Every year, people celebrate Columbus Day Oct. 14 in honor of Christopher Columbus; however, traction has been building for renaming the holiday Indigenous Peoples’ Day. This change is necessary to remove the spotlight from a man who has committed countless atrocities while simultaneously recognizing the suffering indigenous people faced because of him.
There are countless examples showcasing just why Colubmus was an awful person — and it’s not just because he wasn’t the first person to discover North America. While he spent time in the Cibao, a region of the Dominican Republic, Columbus created a plan to make a profit through the natives he encountered there.
The Cibao was riddled with gold deposits and cotton, both commodities Columbus desired to collect and take with him. Columbus wasn’t able to locate these resources, so he created a tribute system for the natives in the area.
Every native 14 years or older was forced to bring Columbus and his men a set amount of gold dust every three months, according to the book “The Life of the Admiral Christopher Columbus: by his son Ferdinand.” Anyone under the age of 14 had to provide 25 pounds of cotton instead.
Any native who failed to pay the tribute was punished by having one of their hands cut off. Exceptions weren’t made, and Columbus felt no guilt.
Soon after the tribute system was implemented, it was replaced by a system called the encomienda system. Under this new system, Columbus rewarded colonists with control over the villages of natives in the region.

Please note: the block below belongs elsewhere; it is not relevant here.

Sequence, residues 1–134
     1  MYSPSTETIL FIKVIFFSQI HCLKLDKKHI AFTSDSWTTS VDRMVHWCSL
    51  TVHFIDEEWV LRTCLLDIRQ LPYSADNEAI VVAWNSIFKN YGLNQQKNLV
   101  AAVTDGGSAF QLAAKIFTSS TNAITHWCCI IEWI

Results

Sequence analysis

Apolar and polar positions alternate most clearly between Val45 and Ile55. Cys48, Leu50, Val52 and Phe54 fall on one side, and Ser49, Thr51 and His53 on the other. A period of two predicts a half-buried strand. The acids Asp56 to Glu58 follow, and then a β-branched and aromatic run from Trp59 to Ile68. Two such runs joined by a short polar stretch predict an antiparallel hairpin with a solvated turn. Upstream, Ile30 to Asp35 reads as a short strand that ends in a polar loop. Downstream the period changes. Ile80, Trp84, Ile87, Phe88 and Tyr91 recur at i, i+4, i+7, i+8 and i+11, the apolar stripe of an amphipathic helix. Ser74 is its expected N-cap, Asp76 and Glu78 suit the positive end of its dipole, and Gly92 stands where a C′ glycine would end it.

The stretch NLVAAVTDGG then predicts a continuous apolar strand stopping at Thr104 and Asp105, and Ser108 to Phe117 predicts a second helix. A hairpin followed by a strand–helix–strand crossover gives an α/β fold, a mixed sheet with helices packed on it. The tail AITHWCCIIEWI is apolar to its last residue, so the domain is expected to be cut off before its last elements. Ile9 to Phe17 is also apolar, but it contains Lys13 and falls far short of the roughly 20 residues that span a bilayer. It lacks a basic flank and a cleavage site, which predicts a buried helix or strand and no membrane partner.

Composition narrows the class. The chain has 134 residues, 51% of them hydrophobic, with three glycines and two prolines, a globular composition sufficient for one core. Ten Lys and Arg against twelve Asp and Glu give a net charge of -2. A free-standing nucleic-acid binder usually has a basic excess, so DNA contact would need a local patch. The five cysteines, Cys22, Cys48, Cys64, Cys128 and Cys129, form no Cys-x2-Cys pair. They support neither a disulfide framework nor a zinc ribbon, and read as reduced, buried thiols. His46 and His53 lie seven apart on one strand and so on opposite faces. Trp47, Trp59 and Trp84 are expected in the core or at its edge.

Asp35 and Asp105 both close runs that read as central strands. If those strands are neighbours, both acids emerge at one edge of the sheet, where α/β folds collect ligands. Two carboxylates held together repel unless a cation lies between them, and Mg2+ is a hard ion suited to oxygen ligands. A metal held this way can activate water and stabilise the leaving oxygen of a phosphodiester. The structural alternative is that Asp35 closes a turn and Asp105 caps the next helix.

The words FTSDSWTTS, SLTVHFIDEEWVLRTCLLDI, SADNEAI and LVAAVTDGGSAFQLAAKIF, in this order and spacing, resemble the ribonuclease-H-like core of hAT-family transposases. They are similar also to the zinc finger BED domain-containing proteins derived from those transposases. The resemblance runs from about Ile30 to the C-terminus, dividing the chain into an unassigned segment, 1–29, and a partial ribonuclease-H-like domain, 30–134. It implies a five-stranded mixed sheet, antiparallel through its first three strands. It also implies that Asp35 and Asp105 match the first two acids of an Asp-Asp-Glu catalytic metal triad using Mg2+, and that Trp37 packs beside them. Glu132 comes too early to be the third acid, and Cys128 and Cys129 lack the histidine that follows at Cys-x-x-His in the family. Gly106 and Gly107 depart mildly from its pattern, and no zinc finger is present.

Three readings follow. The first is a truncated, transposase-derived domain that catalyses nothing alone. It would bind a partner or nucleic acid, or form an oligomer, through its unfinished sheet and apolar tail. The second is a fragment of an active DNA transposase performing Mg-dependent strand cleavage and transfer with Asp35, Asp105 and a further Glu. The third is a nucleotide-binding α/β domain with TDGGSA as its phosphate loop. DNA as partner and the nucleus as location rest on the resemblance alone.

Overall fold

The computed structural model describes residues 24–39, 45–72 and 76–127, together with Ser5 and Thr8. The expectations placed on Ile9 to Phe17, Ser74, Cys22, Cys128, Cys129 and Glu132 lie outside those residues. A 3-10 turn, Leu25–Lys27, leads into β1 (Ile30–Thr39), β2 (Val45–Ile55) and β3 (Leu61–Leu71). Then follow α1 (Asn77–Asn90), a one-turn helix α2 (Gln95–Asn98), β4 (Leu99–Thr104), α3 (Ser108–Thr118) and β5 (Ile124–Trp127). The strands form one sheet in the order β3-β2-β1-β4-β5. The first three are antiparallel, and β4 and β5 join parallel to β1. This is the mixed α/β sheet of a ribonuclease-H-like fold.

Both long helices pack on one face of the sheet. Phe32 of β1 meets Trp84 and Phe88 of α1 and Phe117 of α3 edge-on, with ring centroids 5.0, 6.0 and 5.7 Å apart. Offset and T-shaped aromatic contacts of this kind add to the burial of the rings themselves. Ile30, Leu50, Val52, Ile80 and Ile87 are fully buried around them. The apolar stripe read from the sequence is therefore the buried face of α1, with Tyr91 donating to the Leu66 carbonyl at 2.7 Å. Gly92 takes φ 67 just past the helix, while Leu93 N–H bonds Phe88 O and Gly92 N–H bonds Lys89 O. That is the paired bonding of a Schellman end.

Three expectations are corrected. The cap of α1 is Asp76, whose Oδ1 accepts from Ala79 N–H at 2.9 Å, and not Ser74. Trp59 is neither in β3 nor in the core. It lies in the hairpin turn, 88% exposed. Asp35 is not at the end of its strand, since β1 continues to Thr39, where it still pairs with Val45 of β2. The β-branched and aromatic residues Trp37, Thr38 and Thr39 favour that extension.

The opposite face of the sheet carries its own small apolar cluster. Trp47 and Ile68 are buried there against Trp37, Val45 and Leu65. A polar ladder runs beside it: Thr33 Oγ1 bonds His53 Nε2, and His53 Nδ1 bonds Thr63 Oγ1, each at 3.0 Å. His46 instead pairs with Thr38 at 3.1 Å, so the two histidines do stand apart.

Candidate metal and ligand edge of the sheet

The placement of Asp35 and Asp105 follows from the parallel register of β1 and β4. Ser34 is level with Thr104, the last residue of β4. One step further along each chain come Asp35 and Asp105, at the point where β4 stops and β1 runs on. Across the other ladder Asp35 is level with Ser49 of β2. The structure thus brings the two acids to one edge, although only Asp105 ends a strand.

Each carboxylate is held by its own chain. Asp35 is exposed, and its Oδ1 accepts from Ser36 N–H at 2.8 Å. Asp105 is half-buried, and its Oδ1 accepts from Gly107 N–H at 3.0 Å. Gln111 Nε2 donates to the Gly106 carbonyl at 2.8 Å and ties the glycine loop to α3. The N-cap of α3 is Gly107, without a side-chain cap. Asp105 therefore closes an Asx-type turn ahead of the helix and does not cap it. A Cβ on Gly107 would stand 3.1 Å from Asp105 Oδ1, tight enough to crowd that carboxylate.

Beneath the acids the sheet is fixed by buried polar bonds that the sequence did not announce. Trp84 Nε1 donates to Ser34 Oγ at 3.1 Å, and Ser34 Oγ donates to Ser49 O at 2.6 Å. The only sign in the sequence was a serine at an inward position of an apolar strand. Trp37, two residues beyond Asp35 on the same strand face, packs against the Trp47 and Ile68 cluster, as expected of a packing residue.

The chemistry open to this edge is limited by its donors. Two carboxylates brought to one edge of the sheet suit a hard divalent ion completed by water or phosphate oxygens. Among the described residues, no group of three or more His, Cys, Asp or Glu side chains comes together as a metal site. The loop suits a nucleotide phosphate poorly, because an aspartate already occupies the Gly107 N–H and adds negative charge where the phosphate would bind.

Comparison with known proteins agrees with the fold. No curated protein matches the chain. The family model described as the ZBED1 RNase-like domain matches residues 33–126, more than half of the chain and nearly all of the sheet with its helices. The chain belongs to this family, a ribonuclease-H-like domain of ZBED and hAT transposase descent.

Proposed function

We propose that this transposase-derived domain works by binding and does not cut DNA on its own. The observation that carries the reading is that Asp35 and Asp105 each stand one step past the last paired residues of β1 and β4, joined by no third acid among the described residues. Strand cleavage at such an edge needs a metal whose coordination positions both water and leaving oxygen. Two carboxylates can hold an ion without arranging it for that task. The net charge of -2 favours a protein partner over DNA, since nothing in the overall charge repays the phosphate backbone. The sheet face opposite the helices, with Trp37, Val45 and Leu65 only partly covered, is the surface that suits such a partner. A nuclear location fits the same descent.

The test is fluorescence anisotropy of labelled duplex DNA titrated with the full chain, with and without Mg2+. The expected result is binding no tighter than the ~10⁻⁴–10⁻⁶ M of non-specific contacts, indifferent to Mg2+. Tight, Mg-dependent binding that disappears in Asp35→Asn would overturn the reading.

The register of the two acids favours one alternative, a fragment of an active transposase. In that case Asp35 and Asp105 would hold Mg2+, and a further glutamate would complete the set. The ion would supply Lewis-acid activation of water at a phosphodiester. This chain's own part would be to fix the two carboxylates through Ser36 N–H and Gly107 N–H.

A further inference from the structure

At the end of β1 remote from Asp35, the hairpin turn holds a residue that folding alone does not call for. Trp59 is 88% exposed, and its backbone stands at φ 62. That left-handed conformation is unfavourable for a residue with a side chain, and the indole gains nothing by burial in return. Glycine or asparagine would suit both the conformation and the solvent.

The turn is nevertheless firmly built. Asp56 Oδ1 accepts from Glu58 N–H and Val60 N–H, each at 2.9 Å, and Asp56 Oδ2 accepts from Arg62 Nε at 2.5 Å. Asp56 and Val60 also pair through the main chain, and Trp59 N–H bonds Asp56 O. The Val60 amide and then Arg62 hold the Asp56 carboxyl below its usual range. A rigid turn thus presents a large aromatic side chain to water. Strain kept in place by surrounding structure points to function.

This system was slavery in every aspect except the name — and there’s a holiday celebrating the man who created it. The rabbit hole doesn’t end there though.
According to a letter by Columbus quoted in the book “Documents of West Indian History,” while in Haiti, Columbus would give his lieutenants native women to rape. Once given away, these women were the men’s as long as they wanted them.
No person who has committed any of these acts should have a holiday to celebrate them. Instead Columbus Day should be fully replaced with Indigernous Peoples’ Day.
Renaming the day Inigenous Peoples’ Day would result in two main benefits. First, it would help combat the underserved fame Columbus has been given. Second, it would adjust the spotlight to shine on the horrors indigenous people have faced.
Arguments do exist against making this change, however, with one of the primary ones based around the change giving too much focus on negativity.
The Washington Post published an opinion column Oct. 14 explaining why this transition shouldn't take place. The column argues that renaming the holiday would result in too much focus on the negative past actions western civilization has carried out, burying the positive actions and progressive growth that has taken place.
This argument is flawed. The negative actions of our past need to be isolated in order to learn from them and make changes, otherwise we risk feeling as if we’ve already done enough, slowing down future progress.
Social progress is something we should constantly strive for, and renaming Columbus Day as Indigenous Peoples’ day is an easy way to take another step forward.